Nursery nurses settle locally

12th September 2003 at 01:00
Cracks in the unity of Unison, the nursery nurses' union, are beginning to emerge after local negotiators in South Lanarkshire settled with their employers. Pat Watters, president of the Convention of Scottish Local Authorities, is the council's chief power-broker and lead figure in the national talks.

Next week's strike action in Shetland has also been called off after local union representatives decided to call time on the national talks. Aberdeen and Fife are said to be close to a settlement.

Any larger breakthrough in the national pay dispute will depend on the outcome of the meeting today (Friday) of the employers and Unison at the Scottish Joint Council. A major rally is still planned tomorrow (Saturday) in Glasgow in support of the nursery nurses' campaign.

Unison leaders have already rejected the outline national framework for local settlements as "flawed" and declined to comment on why branches had concluded deals.

Joe di Paolo, the union's Scottish organiser, said: "We asked for pound;18,000 to pound;21,000. They're offering pound;15,000 to pound;18,000.

Their top line is our bottom line. We have already seen these figures and they are not acceptable."

In contrast, Mr Watters hailed the South Lanarkshire deal, pointing out that it was always the intention of negotiators to reach agreements at local level within a national framework.

He said that the deal would mean a pound;2,000 rise for fully qualified nursery nurses working a full year for 37 hours a week. "That represents a 12.5 per cent increase on top of the 4 per cent increase in April this year. Term-time nursery nurses will get a 6.5 per cent increase on top of the 4 per cent," Mr Watters said.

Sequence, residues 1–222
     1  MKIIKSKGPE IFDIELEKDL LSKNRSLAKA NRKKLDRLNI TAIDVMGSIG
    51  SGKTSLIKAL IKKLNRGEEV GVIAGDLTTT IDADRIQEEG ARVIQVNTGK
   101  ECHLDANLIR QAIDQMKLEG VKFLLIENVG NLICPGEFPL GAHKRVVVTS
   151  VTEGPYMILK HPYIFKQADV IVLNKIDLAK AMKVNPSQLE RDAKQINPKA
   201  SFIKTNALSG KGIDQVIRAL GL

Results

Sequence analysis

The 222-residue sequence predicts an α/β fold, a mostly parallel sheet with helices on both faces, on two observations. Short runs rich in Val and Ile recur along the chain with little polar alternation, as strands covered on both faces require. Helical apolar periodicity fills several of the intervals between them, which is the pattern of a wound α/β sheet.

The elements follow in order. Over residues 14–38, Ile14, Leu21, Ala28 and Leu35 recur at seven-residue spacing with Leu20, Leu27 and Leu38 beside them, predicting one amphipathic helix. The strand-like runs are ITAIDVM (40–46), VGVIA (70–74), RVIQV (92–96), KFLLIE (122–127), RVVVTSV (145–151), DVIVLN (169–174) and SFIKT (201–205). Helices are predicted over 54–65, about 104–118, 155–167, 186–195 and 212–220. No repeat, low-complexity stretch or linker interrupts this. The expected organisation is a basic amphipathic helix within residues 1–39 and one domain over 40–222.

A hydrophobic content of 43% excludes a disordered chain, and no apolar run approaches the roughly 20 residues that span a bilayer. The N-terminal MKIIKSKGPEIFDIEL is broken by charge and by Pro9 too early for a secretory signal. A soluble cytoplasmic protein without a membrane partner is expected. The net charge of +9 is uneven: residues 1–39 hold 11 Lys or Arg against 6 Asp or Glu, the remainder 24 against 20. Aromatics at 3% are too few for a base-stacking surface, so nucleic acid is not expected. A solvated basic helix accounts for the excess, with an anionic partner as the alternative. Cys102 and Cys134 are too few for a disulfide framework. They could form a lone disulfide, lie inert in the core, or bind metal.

The deal is being backdated to October.

Mr Watters this week wrote to MSPs and MPs to explain the Cosla offer, which is close to the South Lanarkshire agreement. "The proposed grades offer pound;18,000 per year to a fully qualified, competent nursery nurse - a rise of between 6.7 per cent and 12.5 per cent," he says.

"We believe that our proposal, which would give a nursery nurse pound;9.33 per hour, is fair and reasonable and that local negotiators can bring about satisfactory settlements based on our guidance," Mr Watters writes.

In Shetland, Brian Smith, Unison's branch chairman, said that while talks on backdating the offer would continue, nursery nurses there had agreed not to join next week's strike.

"This is a breakthrough. There is no prospect at present of any agreement between the union and Cosla at national level. Pending further discussions concerning detailed aspects of the offer, members are very happy with progress so far. What has been offered is a substantial improvement," Mr Smith said.

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